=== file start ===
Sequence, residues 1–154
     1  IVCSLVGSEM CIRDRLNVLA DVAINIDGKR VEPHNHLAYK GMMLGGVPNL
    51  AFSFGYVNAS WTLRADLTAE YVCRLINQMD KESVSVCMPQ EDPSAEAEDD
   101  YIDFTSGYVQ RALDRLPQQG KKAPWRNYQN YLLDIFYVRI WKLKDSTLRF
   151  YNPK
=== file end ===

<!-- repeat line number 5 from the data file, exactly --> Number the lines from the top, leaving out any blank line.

   151  YNPK